The Hard Work of Reconciliation

The book of Philemon is the shortest letter written by Paul. It is a personal letter that Paul wrote to his friend, Philemon. The letter was written to reconcile the broken relationship between Philemon and Onesimus and it serves as a handbook on reconciliation.

The reality is that if we want deep, lasting, and meaningful relationships we MUST commit ourselves to the hard work of reconciliation. But based on my experience as a pastor, far too many of us in the church have a high tolerance for brokenness in our relationships. Far too many people that call themselves Christ followers spend very little time doing the hard work of reconciling their relationships with people who have been made in the image of God. Instead of engaging in the process of reconciliation, we tend to emotionally distance ourselves when someone says or does something we don’t like.

The story behind the book of Philemon is incredibly interesting. Onesimus was the fugitive servant of Philemon. He had robbed Philemon and fled 1300 miles away to Rome. But by God’s providence, Onesimus encounters the Apostle Paul, who leads him to faith in Jesus.

Paul discovers that Onesimus has wronged Philemon by stealing from him. Then Paul makes it clear that anytime the relationship between two Christian brothers is broken they must do everything in their power to make it right. Paul sends Onesimus back to Colossae to seek forgiveness from Philemon. And Paul sends a letter to Philemon asking him to receive Onesimus as a brother. 

Everyone knows the the pain and hurt of broken, unreconciled relationships. And we all know what it’s like to play the part of Philemon. Whether it’s a parent that walked out on us, a spouse that betrayed us, or someone that lied to us, gossiped about us, or stabbed us in the back…we all know what it’s like to be hurt and wronged by someone.

What do you do when you’re the one that’s been wounded in a relationship?

Philemon 1:10, 12, 15-17 I appeal to you for my child, Onesimus, whose father I became in my imprisonment. 12  I am sending him back to you, sending my very heart. For this perhaps is why he was parted from you for a while, that you might have him back forever, 16  no longer as a bondservant but more than a bondservant, as a beloved brother—especially to me, but how much more to you, both in the flesh and in the Lord. 17  So if you consider me your partner, receive him as you would receive me.

Paul asks Philemon to forgive Onesimus and RECEIVE him as a brother. The word Paul uses for receive is in the context of two people enjoying fellowship over a meal with each other. In other words, Paul envisions a day when their relationship POST the event would be better than it was PRIOR to the event.  

What Paul is asking Philemon to do seems impossible. And it should seem hard because if Philemon could do it in his own strength he wouldn’t need Christ. So how do we do it? How do we receive someone who has wronged us as a brother?

1. We need a clear understanding of the Gospel

Reconciliation is the message of the Gospel. We are sinners separated from God. We have sinned against God, rebelled against Him, and betrayed Him. But not once does God turn His back on us.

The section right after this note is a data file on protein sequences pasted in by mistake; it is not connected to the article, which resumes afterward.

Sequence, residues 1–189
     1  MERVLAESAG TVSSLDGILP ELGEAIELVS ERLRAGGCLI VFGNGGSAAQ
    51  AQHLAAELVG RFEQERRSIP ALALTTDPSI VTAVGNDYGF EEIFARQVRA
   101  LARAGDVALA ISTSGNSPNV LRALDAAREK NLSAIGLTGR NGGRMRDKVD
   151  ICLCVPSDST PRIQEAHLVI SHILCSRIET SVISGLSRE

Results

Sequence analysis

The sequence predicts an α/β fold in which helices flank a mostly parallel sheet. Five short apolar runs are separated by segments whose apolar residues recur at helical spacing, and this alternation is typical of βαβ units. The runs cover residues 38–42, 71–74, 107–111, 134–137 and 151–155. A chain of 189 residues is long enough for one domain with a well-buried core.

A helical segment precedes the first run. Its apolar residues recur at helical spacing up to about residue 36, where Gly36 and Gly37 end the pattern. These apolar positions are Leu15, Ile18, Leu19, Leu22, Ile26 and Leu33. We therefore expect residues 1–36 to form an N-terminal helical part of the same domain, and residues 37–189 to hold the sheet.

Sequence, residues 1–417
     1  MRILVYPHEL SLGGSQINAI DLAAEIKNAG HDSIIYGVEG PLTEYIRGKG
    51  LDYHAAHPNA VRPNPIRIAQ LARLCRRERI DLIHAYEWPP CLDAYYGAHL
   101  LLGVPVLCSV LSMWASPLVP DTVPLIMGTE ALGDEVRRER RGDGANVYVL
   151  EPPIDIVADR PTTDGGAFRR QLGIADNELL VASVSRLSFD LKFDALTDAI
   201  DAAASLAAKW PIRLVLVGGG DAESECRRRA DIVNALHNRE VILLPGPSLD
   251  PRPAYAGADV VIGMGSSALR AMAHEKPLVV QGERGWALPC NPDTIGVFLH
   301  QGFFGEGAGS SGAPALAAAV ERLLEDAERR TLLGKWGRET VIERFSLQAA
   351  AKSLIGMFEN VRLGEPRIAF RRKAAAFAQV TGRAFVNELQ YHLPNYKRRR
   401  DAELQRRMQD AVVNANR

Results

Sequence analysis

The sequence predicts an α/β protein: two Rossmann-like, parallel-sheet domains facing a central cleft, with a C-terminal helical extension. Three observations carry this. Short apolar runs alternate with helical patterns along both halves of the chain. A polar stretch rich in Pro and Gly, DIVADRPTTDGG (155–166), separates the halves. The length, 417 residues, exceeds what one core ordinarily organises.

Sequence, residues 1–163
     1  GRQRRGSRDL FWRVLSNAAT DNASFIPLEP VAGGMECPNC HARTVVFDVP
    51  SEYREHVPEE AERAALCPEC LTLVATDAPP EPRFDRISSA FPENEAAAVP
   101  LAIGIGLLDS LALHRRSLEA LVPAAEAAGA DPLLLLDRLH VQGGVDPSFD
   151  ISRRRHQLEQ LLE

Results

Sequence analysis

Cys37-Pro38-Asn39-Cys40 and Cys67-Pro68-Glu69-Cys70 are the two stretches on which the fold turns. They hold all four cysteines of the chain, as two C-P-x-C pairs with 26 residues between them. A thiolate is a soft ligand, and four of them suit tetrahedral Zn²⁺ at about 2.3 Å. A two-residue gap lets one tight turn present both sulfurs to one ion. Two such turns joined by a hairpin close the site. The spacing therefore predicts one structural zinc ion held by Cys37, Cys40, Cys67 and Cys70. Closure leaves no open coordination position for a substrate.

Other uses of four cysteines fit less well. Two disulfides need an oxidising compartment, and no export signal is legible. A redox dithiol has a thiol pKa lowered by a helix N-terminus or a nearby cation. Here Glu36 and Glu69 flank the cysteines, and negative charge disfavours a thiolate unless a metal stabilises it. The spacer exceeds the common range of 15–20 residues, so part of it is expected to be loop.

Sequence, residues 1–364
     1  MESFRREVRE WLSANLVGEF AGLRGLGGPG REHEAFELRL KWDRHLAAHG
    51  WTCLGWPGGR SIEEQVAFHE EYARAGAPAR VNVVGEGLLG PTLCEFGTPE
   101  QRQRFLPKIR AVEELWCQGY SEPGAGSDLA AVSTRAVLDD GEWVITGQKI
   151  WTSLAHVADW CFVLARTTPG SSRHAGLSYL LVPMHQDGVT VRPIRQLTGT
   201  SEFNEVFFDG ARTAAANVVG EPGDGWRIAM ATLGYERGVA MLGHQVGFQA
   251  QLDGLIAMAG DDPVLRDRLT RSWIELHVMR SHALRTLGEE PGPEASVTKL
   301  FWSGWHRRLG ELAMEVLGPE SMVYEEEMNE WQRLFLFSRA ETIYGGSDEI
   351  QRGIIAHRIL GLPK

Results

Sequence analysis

Not once does God say I’m done with you. Instead He sends Jesus to die of you. 

As Christians, we should be doing the hard work of reconciliation because of the reconciliation Jesus has done on our behalf. 

Unless you’re a believer in Jesus Christ whose heart has been transformed by the gospel, I don’t believe you can really do this! Unless you understand how the Father, through Jesus Christ’s death and resurrection, has received you…I don’t know how you can receive those that have hurt you. That’s why is imperative that we have a Gospel Framework to do the hard work of reconciliation. 

2. We need to view the one that’s wronged us as useful

Philemon 1:11 Formerly he was useless to you, but now he is indeed useful to you and to me.

Philemon wakes up to discover Onesimus is gone and that he’s stolen from him. No doubt after running gamete of emotions, Philemon does what many of us do after we’ve been wronged … he declares, “I didn’t need him anyway”. In other words, Onesimus is useless to him. Isn’t that what we do with people, give them silent treatment, dismiss people as useless, and cut them out of our lives.

Paul says he used to be useful now you regard him as useless. Then Paul reminds Philemon that Onesimus is still is useful to you because God’s NOT through with him. When someone has hurt us or wronged us, we have to remember that God does not love you any more than the one that’s wronged you!  

When we begin to view the person that’s wronged us as useful, we’re poised to do the work of reconciliation.

3. We need to talk about the past to be reconciled in the present

Reconciliation does not mean letting bygones be bygones. It doesn’t mean never talking about what happened. It doesn’t mean avoiding difficult conversations. Reconciliation is NOT sweeping it under the rug like it never happened. In order to reconcile with someone that’s hurt you, you must we willing to go there.

For reconciliation to happen in PRESENT we must be willing to go back and talk about the PAST in order to get closure and move forward into a new FUTURE.

Forgiveness and reconciliation are highlighted throughout the book of Philemon. By studying this book, we have seen practical steps to restore broken relationships. The reality is that we all know the pain of broken relationships…both as the person that has been hurt and as the person that has hurt others. Let’s be honest, reconciliation is HARD.

When we are willing to do the hard work of reconciliation and receive the one that has hurt us…it glorifies Jesus and shocks the world!


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